Categories: News, Newsletter, Newsletter Issue 2024:2

A Guide to Conferences for Health Economists

By Anne M. Burton and Barton Willage

You are no doubt familiar with ASHEcon but there are many other conferences both local and international that can provide great opportunities for presenting your research, learning about new work in health economics, mentoring, and networking. In this article, we highlight different types of conferences, typical roles at conferences and benefits from participating, and non-research aspects of conferences like mentoring and professional development opportunities that can be particularly valuable.

What are different types of conferences that are out there?

No matter what type of conference experience you are looking for, it probably exists. If you want a conference that is entirely about health economics or health services research, the main ones are ASHEcon, iHEA (every other year and usually in a non-U.S. location), and AcademyHealth. There are also smaller health economics conferences that provide a more structured conference experience and more close-knit interactions. Examples of these include the Annual Health Econometrics Workshop, the Midwest Health Economics Conference, the Southeastern Health Economics Study Group, the Annual Workshop on the Economics of Risky Behavior, the Essen Economics of Mental Health Workshop, and the UK Health Economics Study Group. For a big public-policy focused conference with a lot of health sessions, there is APPAM. This conference includes other topics such as education, public and nonprofit management, crime, and family policy. The regional economics associations also put on conferences every year: these are the Easterns, Midwest, Southerns, and Westerns. They are also big conferences with every field of economics represented. You may be wondering how you could possibly keep track of all of these conferences. Fortunately, you don’t have to! For the past several years we have maintained a spreadsheet of economics conferences with dates, deadlines, and other important information: link.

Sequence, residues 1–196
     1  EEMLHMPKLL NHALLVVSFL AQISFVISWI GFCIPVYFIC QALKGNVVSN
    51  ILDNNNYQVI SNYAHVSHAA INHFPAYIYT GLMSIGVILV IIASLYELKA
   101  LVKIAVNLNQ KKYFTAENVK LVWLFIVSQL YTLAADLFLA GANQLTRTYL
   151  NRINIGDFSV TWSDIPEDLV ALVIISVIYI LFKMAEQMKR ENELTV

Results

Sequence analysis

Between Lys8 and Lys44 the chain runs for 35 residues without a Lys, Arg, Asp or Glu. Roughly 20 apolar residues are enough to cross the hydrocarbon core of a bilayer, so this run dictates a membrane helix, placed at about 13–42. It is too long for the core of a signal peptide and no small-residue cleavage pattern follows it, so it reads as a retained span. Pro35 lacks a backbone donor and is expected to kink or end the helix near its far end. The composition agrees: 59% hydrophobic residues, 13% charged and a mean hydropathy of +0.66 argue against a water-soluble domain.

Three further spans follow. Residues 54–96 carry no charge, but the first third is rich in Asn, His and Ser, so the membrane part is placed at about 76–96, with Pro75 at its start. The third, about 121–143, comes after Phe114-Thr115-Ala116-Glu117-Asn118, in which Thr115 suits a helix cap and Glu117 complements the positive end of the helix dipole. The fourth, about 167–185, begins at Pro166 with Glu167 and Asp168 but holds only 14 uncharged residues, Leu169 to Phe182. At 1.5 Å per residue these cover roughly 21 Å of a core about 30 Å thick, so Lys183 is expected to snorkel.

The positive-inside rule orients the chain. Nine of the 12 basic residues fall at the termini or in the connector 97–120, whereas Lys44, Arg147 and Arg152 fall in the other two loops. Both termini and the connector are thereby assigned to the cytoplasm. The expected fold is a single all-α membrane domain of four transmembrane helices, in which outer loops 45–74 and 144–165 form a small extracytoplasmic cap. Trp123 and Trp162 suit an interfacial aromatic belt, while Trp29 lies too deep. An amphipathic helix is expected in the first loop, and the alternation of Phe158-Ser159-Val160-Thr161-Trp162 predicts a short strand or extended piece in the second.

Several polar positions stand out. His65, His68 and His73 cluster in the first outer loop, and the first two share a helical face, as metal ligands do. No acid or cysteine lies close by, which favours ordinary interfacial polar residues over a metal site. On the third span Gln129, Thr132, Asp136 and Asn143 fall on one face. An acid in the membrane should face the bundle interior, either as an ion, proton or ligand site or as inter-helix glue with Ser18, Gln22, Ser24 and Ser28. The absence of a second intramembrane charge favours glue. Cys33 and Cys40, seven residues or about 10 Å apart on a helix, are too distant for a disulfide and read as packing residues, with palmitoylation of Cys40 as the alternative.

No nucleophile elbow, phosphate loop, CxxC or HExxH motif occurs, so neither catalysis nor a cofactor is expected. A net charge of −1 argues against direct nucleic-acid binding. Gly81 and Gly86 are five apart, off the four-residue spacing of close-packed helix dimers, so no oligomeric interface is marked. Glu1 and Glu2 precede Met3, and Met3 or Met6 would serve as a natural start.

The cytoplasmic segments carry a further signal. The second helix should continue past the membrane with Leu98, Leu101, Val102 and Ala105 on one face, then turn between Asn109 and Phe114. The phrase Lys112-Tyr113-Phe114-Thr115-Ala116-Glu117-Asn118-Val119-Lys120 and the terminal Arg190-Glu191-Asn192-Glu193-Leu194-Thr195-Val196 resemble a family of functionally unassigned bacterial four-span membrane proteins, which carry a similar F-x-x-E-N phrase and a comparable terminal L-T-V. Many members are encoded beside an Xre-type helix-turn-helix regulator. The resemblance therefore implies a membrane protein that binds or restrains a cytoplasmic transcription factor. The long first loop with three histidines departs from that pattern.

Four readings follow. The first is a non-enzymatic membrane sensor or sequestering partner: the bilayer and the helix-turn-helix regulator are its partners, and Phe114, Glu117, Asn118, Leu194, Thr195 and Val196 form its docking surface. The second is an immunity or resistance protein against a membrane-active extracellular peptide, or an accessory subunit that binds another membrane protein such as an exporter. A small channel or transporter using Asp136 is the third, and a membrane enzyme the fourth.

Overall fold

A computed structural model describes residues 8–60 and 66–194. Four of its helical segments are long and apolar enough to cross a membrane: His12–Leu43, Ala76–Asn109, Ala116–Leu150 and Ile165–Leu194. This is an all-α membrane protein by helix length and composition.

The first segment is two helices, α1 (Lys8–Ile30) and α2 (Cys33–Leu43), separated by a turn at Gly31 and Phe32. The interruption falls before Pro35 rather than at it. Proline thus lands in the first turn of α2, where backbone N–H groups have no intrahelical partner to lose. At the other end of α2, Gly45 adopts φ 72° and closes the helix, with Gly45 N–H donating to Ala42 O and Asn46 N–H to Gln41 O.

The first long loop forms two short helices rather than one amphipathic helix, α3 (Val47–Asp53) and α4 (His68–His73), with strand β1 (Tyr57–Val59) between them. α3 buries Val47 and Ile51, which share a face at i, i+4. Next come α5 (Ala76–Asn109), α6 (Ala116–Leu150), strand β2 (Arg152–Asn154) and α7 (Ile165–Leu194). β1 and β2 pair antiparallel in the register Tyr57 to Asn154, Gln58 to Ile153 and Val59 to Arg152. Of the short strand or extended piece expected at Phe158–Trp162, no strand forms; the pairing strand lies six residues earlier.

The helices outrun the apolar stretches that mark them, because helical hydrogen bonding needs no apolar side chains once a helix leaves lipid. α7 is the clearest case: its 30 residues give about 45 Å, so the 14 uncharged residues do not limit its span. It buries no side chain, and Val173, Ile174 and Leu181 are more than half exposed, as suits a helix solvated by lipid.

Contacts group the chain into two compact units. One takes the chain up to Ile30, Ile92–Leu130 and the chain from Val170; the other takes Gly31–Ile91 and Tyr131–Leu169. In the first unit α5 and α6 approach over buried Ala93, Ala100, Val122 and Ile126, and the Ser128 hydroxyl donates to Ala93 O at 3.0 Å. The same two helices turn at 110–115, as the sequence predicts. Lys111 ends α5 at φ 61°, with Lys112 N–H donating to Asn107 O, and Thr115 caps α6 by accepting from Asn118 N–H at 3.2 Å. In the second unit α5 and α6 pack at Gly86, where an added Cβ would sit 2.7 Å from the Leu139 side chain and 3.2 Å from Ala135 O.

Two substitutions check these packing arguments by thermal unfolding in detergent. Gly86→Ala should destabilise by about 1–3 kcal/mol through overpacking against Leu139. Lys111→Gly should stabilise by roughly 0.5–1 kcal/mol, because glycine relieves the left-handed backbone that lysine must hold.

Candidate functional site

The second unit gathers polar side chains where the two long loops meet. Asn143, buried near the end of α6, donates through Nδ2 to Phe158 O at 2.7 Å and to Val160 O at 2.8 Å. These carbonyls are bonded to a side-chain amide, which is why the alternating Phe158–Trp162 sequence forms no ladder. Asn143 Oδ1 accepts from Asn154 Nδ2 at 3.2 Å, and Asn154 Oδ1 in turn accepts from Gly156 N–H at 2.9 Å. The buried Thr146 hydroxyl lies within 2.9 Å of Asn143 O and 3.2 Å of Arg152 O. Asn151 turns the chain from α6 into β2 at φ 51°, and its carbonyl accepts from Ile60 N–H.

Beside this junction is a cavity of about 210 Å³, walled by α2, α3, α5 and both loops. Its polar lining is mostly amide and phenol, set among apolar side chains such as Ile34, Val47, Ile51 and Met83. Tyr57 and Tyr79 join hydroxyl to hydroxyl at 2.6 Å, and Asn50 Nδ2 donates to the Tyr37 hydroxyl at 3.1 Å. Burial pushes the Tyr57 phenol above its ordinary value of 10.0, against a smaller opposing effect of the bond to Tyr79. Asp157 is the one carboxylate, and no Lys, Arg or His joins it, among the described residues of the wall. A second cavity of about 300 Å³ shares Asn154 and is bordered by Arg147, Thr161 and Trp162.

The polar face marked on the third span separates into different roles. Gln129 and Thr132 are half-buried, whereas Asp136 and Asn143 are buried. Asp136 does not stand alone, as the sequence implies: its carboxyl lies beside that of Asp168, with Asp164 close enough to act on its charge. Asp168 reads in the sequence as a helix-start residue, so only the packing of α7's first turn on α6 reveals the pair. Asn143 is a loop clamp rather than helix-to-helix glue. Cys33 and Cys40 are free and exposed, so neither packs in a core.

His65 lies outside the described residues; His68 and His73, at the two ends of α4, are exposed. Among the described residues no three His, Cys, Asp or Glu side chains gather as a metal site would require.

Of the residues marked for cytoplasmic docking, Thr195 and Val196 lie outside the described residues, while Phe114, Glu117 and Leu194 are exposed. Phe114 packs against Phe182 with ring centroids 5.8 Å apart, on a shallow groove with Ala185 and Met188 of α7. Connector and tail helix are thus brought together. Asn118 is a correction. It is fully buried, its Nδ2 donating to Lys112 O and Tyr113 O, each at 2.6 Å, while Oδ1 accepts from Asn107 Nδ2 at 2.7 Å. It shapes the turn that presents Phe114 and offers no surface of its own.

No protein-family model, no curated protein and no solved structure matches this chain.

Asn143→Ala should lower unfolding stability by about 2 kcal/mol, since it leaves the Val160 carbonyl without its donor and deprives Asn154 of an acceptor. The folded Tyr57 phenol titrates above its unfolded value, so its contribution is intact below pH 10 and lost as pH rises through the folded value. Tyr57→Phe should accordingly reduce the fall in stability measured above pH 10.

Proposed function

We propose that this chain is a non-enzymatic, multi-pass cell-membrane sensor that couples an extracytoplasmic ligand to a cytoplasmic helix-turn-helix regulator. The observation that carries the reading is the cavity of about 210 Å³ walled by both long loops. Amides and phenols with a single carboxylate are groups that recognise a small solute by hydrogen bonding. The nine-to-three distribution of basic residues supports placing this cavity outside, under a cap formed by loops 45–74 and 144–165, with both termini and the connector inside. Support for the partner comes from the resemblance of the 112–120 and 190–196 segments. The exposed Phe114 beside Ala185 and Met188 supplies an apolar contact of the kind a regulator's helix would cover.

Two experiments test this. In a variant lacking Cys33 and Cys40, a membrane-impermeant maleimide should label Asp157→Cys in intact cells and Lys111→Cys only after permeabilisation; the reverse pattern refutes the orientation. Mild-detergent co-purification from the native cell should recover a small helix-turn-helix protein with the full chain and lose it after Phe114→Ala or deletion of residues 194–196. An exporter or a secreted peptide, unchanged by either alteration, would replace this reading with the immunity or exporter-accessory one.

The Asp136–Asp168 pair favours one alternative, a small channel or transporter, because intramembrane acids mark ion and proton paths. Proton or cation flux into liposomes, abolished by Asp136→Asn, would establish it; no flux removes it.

What are the different roles that people take on at conferences?

There are several different potential roles when participating in a conference. Each takes a different amount of time/effort, requires different skills, and has different benefits. 

  • Attending (no active participation): If you want to get the lay of the land, hear some interesting presentations, and meet researchers a bit further along in their careers, then attending a conference without actively participating can be a great first step. One benefit of attending before participating is you can see the format of sessions and do some learning before jumping in. You usually have to pay the registration fee, but these fees tend to be fairly low for graduate students.
  • Presenter: This is probably what most new researchers think of when they consider attending conferences. In this role, you present your research orally, usually in a session containing 3-4 papers. The benefits of this role are dissemination of research and receiving feedback. Many conferences include discussants, which is a main way to get feedback from a conference (see below). Be aware that for some conferences, many submissions to present are not accepted. See here for suggestions in writing submissions to conferences.
  • Poster: This is similar to presenting, but instead of a (usually) 10-20-minute oral presentation, you use a poster and converse one-on-one or in small groups. There is more engagement with people if they approach you and your poster, but sometimes very few people will look at a poster. Often conferences incentivize attendees to engage with posters by having poster sessions where food or beverages are provided. Additionally, posters may stay up for much of the conference for passers-by to peruse, even when you are not tending it. These posters are quite large (the conference will provide exact dimensions), but be very careful with the design of your poster and do not try to force too much information to the point that no information can be absorbed by others. If you take a stroll to meet other poster presenters and learn about their work, it’s a great way to find people with similar interests or at a similar career stage and to give others an audience for their work. 
  • Discussant: As mentioned above, one way presenters receive feedback is from a discussant. This role involves reading one or two papers in a session, and presenting context and feedback that benefits the author and the audience who usually have not read the paper. This is a good way to engage with research and contribute to the conference even if one does not have a research project ready to present themselves. See here for suggestions on how to be a good discussant.